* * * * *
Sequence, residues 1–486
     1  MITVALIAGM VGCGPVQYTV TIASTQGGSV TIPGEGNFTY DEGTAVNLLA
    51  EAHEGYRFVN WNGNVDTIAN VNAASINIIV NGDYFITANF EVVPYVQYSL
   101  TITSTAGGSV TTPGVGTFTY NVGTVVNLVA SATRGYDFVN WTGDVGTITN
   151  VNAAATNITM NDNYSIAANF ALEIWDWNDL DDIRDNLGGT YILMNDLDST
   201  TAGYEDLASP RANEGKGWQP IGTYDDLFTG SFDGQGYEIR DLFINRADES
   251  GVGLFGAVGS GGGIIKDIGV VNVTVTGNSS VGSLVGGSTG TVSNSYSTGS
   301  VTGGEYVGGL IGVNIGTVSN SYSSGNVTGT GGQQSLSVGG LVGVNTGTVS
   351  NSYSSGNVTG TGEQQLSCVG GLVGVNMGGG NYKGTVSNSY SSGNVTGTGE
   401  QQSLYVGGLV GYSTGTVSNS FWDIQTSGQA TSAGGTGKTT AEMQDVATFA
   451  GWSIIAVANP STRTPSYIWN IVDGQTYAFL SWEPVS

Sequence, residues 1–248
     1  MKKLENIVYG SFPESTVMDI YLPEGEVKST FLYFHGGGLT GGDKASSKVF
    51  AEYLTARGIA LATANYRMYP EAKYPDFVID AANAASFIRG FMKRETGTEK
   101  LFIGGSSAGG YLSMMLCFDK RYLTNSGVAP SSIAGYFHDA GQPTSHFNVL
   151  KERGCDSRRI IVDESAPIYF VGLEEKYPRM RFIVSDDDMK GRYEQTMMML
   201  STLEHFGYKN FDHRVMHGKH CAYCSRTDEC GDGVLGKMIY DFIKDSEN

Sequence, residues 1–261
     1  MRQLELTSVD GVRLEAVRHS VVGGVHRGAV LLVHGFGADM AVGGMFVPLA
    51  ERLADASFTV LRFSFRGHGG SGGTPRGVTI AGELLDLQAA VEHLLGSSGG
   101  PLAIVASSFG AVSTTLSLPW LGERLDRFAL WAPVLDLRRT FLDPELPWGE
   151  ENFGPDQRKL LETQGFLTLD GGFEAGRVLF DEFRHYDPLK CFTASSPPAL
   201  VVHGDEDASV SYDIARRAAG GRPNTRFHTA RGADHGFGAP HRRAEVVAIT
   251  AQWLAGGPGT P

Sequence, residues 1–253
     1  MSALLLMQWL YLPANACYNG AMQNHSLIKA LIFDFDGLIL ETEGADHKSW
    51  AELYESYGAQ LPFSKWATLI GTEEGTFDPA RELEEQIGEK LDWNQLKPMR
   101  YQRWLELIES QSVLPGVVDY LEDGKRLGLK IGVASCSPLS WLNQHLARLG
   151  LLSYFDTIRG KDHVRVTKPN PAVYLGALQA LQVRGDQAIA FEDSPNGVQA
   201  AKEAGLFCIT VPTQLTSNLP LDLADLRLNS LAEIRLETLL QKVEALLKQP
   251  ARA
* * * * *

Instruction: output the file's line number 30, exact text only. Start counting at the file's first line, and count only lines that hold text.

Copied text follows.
   201  AKEAGLFCIT VPTQLTSNLP LDLADLRLNS LAEIRLETLL QKVEALLKQP